Papers are circulated prior to the seminar. Please contact Tom Parr (T.Parr@warwick.ac.uk) for further information.

Wed 8 Jan, '20
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WMA Graduate Research Seminar - Reading Michael Ayers' Knowing and Seeing
S1.39
Thu 9 Jan, '20
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Knowledge and Understanding Seminar
S2.77, The Cowling Room

Speaker: Kurt Sylvan (Southampton)

Title: 'Knowledge and the Presentation of Reality'

Tue 14 Jan, '20
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CELPA: Shmulik Nili (Northwestern/ANU)

Papers are circulated prior to the seminar. Please contact Tom Parr (T.Parr@warwick.ac.uk) for further information.

Tue 14 Jan, '20
-
CRPLA Seminar
Room S0.11, Social Sciences Building

Speaker: Naomi Waltham-Smith (Centre for Interdisciplinary Methodologies, Warwick)

Title: 'Homofaunie: Non-Human Tonalities of Listening in Derrida and Cixous'

Thu 16 Jan, '20
-
Knowledge and Understanding Seminar
S2.79, Social Sciences Building

Speaker: Rachel Fraser (Oxford)

Title: 'Narrative Testimony'

Tue 21 Jan, '20
-
CELPA: David Miller (Oxford and Queen's)

Papers are circulated prior to the seminar. Please contact Tom Parr (T.Parr@warwick.ac.uk) for further information.

Tue 21 Jan, '20
-
Post-Kantian European Philosophy Seminar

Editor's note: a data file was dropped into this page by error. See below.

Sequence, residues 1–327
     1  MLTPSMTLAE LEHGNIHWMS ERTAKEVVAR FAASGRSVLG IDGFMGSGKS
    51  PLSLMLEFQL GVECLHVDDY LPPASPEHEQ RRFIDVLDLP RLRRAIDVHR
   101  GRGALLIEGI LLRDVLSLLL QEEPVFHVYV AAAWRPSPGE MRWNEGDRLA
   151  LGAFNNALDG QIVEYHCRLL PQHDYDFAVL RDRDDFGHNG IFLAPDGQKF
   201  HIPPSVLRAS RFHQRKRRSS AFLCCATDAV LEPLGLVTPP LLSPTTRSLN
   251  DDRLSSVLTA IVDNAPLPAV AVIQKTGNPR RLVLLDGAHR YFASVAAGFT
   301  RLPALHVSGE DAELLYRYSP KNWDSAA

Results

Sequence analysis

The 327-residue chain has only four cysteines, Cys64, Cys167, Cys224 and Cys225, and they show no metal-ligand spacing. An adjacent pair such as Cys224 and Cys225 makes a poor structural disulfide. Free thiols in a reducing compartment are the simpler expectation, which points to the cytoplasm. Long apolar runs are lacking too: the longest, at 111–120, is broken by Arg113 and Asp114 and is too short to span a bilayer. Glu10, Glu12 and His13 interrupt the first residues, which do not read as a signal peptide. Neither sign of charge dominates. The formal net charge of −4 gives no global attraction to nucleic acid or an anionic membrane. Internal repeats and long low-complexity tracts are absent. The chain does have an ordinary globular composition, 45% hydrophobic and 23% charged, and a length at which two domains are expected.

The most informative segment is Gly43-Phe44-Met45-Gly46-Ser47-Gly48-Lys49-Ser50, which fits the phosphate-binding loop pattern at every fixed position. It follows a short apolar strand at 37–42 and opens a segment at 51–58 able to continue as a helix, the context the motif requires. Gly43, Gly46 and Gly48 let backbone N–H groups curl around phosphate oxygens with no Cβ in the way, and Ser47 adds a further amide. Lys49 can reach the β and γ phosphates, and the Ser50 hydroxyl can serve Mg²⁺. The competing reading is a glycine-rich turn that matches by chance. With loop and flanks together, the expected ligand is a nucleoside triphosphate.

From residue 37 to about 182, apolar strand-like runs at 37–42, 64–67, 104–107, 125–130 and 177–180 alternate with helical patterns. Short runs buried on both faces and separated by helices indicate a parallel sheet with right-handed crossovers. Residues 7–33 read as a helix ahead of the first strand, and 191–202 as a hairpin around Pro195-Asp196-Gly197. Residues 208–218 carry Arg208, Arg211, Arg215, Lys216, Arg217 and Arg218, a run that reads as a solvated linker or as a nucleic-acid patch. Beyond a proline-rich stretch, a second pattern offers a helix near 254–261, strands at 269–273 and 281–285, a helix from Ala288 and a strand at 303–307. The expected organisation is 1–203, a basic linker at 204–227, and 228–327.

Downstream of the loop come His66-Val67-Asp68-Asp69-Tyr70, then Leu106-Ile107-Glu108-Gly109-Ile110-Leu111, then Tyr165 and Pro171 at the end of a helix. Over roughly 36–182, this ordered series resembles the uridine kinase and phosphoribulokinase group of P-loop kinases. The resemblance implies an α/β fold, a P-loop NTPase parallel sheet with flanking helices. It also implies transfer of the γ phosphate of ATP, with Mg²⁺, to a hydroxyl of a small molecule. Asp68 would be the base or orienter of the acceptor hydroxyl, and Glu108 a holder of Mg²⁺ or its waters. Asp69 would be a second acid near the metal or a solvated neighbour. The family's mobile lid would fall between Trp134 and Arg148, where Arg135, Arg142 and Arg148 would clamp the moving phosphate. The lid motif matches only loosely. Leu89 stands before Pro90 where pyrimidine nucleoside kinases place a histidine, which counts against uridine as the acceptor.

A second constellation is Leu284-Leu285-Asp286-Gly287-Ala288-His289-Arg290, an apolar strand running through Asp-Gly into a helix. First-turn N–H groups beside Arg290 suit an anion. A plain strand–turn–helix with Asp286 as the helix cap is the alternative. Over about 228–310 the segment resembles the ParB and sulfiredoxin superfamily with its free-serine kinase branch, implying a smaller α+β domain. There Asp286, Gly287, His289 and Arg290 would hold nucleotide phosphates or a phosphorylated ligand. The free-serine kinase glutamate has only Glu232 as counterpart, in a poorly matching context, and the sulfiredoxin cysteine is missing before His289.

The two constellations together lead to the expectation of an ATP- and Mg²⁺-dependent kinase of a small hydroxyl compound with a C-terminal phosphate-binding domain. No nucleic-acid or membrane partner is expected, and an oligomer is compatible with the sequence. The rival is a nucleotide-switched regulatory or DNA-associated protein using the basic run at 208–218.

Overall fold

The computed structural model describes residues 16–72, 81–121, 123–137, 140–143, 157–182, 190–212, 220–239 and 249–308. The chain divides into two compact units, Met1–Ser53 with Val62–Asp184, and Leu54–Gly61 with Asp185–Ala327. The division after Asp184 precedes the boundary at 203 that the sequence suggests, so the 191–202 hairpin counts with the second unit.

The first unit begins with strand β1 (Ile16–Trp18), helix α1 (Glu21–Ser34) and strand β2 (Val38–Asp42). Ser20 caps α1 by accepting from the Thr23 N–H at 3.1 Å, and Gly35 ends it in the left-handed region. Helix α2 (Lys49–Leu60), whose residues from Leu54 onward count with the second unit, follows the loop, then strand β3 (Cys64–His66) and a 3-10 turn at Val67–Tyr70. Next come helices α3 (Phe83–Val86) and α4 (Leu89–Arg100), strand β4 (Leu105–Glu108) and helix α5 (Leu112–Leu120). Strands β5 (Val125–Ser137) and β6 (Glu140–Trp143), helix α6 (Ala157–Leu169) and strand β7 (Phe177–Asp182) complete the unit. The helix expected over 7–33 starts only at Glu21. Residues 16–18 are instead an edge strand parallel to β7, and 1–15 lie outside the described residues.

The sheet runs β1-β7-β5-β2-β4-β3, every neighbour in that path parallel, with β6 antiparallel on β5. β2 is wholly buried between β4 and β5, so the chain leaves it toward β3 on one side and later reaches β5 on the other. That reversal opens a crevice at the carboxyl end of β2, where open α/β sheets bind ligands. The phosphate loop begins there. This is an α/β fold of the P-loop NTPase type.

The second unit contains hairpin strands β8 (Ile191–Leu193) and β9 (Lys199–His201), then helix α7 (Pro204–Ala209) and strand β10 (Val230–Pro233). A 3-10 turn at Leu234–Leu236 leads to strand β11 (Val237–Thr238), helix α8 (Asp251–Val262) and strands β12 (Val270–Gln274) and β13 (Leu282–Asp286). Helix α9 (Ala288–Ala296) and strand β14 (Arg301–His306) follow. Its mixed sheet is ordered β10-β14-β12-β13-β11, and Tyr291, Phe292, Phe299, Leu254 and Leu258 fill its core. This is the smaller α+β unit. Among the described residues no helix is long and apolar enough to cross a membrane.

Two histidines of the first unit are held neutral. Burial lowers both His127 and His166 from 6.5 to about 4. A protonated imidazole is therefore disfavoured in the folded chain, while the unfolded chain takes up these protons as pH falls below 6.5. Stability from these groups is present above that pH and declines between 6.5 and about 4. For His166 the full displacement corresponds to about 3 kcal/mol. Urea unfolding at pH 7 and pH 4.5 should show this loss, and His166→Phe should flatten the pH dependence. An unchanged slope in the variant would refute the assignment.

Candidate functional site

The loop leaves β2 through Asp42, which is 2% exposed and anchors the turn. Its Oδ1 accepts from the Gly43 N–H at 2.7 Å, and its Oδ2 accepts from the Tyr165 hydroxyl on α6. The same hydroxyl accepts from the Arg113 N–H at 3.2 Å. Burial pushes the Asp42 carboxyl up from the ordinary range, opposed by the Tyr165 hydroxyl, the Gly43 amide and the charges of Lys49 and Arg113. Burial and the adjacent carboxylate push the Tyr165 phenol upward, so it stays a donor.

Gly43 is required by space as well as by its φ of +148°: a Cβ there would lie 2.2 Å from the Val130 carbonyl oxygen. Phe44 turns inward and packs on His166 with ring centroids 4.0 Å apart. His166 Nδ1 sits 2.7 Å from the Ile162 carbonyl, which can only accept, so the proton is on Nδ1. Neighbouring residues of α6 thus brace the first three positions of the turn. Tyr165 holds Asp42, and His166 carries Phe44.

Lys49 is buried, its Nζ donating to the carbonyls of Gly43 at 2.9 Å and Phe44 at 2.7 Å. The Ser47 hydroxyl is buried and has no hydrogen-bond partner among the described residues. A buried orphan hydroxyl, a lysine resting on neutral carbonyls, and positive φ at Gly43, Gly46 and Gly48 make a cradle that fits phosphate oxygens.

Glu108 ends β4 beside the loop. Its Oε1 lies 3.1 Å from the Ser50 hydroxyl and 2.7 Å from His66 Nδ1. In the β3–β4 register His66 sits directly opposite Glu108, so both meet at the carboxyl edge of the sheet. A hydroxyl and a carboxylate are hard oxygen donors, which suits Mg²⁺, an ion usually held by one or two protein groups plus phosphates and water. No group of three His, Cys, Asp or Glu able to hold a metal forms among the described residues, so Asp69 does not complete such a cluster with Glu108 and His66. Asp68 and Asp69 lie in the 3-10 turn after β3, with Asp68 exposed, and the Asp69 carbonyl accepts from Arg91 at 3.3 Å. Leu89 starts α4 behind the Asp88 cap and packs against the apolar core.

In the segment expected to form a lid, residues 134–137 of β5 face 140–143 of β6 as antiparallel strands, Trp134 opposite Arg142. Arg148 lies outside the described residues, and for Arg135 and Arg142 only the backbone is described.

Room S0.11, Social Sciences Building

Guest Speakers:

Daniele Lorenzini  (Warwick)

Title: Genealogy, Possibilization, and (Post-)Critique

 David Owen (Southampton)

Title: Genealogy as Re-Problematization: Autonomy, Aspect-Change and Limits

Wed 22 Jan, '20
-
MAP Seminar
Room S2.81, Social Sciences Building

Speaker: Tom Crowther

Title: Philosophy and Mental Health

Thu 23 Jan, '20
-
Knowledge and Understanding Seminar
S2.77, The Cowling Room

Speakers: Tom Crowther (Warwick) and Guy Longworth (Warwick)

Titles: 'Knowledge, Abilities, and Wakeful Consciousness' (TC) and 'Learning from Theaetetus' (GL)

Tue 28 Jan, '20
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CELPA: Ben Ferguson (Philosophy, Warwick)

Papers are circulated prior to the seminar. Please contact Tom Parr (T.Parr@warwick.ac.uk) for further information.

Tue 28 Jan, '20
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CANCELLED: CRPLA Seminar